A young beagle, rescued after a dramatic rush-hour chase on Shirley Highway only to face potential death at an animal shelter, has been rescued again, this time by a Fairfax County House wife.
"My heart just broke for that poor little dog", said Margaret Loveless, who adopted the stray pet.
Loveless took the 2-year-old female beagle home after passing the tough scrutiny of the Alexandria Animal Control Shelter. The beagle had been living there on borrowed time for more than a week while the shelter tried to find her owner or a replacement, who would meet the group's requirements for pet ownership.
Given to the shelter by a jogger who plucked her from the heavily traveled highway after a two-mile chase, the dog would have been put to sleep unless a new home had been found for her.
"Nobody has claimed her," said Loveless, who named the beagle "Shelley." She already has a German shepherd and a schnauzer, two strays she described as "hardship cases, too."
News accounts of the dog's rescue and confinement at the shelter prompted several telephone calls to the jogger and the shelter, all seeking reassurance about the animal's welfare. There were also complaints that the shelter's rigid adoption regulations often proved insurmountable for some would-be pet owners.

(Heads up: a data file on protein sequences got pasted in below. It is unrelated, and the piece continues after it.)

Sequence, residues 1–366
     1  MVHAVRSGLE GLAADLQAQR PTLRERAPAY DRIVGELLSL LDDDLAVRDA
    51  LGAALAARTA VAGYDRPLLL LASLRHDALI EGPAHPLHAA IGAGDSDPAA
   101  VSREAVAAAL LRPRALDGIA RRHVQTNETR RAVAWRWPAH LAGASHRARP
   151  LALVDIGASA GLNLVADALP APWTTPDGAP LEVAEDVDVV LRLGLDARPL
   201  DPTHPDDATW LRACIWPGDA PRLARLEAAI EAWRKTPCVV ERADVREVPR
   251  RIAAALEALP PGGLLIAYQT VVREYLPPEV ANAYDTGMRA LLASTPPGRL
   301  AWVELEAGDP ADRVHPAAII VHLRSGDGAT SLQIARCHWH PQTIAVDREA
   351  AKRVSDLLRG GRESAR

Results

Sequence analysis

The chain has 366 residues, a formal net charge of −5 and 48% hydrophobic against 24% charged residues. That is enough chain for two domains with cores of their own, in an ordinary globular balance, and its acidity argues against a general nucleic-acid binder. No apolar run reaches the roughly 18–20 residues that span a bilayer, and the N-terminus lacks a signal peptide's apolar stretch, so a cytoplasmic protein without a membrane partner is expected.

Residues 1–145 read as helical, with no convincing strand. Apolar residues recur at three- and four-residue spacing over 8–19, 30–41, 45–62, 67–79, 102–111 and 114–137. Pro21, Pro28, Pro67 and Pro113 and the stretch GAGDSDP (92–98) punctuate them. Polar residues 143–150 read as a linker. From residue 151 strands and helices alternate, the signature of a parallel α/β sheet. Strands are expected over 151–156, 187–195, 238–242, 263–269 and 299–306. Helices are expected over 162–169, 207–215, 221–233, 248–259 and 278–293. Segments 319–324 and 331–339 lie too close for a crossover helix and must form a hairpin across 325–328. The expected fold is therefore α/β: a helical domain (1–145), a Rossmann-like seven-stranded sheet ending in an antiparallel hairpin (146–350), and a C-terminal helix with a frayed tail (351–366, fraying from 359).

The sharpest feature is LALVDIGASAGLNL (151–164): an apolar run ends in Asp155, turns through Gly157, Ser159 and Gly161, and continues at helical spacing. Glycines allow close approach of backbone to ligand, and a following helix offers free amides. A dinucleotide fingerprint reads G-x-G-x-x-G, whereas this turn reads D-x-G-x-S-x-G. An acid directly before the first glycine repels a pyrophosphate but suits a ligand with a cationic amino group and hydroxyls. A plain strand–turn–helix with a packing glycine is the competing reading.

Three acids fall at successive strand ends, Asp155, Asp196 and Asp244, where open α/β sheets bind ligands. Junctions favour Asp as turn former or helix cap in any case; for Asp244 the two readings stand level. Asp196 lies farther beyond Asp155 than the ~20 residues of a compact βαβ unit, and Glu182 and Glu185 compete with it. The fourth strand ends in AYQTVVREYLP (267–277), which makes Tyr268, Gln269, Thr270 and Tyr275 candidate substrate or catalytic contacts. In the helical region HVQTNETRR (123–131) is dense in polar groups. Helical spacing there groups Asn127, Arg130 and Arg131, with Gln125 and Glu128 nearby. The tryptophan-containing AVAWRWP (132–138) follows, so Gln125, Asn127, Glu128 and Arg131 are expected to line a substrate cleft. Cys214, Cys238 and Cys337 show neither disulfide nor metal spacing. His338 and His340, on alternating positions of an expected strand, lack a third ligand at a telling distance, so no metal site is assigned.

Loveless, who paid a $10 adoption fee and $35 medical bills before she took possession of the beagle, underwent a home inspection and a 25-minute interview before the shelter pronounced her a fit owner. Shelter officials will also pay her a follow-up visit later.
The beagle was luckier than many of the pets like the Alexandria shelter handles each year. About one out of four of the animals are put to death, according to the shelter's director, Gail Snider. Only 300 to 400 get adopted.
"We're ending up with more animals than we can deal with," said Mary Eleanor Bradman, chairman of the Virginia Citizens Committee Against Animal Abuse and an official of the Washington Humane Society. She defended the strict screening procedures of the Alexandria shelter, saying that "the darling little ball of fluff" purchased at pet stores often ends up abandoned or abused by owners who don't take their responsibilities seriously.
"There are worse things than being dead where an animal is concered," she said. Animal shelters, she added, are prevented by space and funding limitations from keeping the pets indefinitely or from transferring them to other shelters.
Loveless had agreed to take the beagle last week but had to wait while the animal was sent to a veterinarian to be spayed. Plans to abort a suspected pregnancy at the same time were abandoned when it was discovered the dog wasn't expecting after all.
The beagle, meanwhile, arrived at the Loveless Fairfax home and got a friendly reception from her new canine playmates. "No problems," Loveless reported. "It's all worked out beautifully."